- Husband of Târâ and father of Kaca, and sometimes identified with V y â s a;

- In astronomy he is the regent of Jupiter and often identified with that planet.

Buddha: a V i s h n u -a v a t â r a from the beginning of K a l i - y u g a, who appeared to teach humanity non-violence and end all the killing of animals so as to pave the way towards enlightenment (see S.B. 1.3:24 en 2.7.37).

Buddhi: the intelligence, the sane mind; a product of a dynamic multifaceted conviction, selfrealization and knowledge of the soul.

- Spiritually the being open to togetherness, authority and holiness.

Buddhi-nasah: loss of intelligence through confusion in lust.

Buddhi-yoga: connectedness in God through intelligence. Next to k a r m a - y o g a used as a synonym for b h a k t i - y o g a.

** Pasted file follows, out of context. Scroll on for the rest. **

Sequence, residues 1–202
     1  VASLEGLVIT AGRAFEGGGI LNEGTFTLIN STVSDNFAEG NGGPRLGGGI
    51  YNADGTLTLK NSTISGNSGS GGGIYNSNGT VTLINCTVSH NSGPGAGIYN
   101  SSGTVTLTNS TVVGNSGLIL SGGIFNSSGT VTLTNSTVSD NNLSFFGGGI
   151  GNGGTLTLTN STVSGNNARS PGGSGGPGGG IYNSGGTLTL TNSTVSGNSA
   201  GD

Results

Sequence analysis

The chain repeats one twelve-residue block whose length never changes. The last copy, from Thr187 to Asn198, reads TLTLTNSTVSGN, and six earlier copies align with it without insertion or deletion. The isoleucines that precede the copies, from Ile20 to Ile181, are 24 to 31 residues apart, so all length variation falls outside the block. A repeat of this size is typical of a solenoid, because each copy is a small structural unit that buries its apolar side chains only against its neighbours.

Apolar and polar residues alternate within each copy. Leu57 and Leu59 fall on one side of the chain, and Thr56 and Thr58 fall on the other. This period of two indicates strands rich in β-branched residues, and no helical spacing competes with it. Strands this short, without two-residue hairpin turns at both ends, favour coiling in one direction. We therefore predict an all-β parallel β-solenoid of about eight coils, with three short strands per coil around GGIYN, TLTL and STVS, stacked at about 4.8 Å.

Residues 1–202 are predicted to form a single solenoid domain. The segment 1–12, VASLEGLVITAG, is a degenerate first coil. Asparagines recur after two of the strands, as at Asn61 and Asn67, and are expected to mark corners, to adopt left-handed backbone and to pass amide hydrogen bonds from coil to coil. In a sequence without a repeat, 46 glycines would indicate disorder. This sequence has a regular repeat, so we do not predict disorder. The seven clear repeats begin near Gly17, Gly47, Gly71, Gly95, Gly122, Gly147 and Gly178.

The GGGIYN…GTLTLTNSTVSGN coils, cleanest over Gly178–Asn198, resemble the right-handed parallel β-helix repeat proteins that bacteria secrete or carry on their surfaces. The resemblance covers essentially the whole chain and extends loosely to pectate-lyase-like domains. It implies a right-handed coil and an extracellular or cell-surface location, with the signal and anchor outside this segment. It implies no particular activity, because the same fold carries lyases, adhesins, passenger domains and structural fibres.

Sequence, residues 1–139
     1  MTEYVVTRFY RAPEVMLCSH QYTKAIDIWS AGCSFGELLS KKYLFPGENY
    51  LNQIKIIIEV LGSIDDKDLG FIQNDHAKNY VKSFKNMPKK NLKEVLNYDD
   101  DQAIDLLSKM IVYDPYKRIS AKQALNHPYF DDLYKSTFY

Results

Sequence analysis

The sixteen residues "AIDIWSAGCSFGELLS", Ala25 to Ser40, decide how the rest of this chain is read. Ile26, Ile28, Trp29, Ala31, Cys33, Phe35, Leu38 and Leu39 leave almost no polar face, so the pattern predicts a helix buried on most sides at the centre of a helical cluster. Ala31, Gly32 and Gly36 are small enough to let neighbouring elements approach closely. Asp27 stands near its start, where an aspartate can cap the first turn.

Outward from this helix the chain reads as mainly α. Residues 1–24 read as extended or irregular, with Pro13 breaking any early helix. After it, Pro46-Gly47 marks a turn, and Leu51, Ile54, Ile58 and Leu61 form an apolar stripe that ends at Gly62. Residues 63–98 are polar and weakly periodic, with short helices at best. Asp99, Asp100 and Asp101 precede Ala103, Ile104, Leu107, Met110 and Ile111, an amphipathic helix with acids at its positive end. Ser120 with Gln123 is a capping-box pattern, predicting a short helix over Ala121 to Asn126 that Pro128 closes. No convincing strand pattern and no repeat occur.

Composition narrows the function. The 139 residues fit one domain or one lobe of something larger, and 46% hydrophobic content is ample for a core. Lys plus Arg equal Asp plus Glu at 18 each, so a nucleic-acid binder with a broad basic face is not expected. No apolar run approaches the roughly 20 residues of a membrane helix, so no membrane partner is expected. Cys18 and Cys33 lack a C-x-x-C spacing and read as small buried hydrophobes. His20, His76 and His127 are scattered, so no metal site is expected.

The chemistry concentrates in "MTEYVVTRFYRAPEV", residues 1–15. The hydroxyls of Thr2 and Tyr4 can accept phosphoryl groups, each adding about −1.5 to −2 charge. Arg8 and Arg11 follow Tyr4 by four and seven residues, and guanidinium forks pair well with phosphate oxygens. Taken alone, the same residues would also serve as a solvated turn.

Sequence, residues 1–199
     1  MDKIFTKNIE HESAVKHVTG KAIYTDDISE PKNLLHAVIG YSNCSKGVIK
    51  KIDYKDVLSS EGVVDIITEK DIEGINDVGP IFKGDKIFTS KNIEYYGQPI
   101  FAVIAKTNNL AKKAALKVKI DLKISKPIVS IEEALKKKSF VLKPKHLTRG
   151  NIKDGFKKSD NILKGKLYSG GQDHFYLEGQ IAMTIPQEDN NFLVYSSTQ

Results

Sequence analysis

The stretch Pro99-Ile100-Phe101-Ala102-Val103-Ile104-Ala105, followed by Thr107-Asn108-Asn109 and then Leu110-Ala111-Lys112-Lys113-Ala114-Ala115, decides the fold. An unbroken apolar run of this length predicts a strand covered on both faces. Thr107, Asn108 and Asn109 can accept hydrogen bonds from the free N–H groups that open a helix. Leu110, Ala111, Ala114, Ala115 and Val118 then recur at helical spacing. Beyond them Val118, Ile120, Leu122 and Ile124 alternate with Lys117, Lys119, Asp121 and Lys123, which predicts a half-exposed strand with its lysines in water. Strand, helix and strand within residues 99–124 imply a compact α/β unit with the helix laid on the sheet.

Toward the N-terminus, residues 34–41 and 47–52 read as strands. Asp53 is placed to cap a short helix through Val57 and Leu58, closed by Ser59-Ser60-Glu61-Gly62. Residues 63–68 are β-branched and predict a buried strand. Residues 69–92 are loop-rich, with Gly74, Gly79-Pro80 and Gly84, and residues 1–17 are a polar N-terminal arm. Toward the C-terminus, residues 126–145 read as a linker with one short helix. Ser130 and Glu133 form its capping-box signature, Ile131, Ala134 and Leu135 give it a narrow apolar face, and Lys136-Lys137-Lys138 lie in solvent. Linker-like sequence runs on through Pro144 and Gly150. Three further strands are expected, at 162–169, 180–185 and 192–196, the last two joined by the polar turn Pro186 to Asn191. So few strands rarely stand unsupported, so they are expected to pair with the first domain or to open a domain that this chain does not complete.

Buddhism: the teaching of Lord B u d d h a which to v a i s h n a v a s is too impersonal in proposing that the world and thus the other person would be illusion (see also m â y â v â d a).

- The teaching, but not the Lord, mainly denounced in the Bhâgavatam as being m â y â v â d a:

- 'as (the Buddha) will He by speculative arguments bewilder the ones unfit to perform the vedic sacrifices (11.4: 22)'.

- 'the bewilderer of the demoniac descendants of Diti and Dânu' (10.40: 22).

- 'To those well situated on the path of the Vedas envious with the divine who unseen roam the worlds by inventions of Maya (a demon) and who are destructive of the bewildered mind, He dresses Himself attractively (as the Buddha) speaking mainly of moral guidelines ' (2.7: 37).

- 'to delude the ones envious with the theists' (1.3: 24).

- 'who leads the ones who are illusioned' (6.8: 19).

 

  

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S'rîmad Bhâgavatam | Bhagavad Gîtâ | Nederlandse versie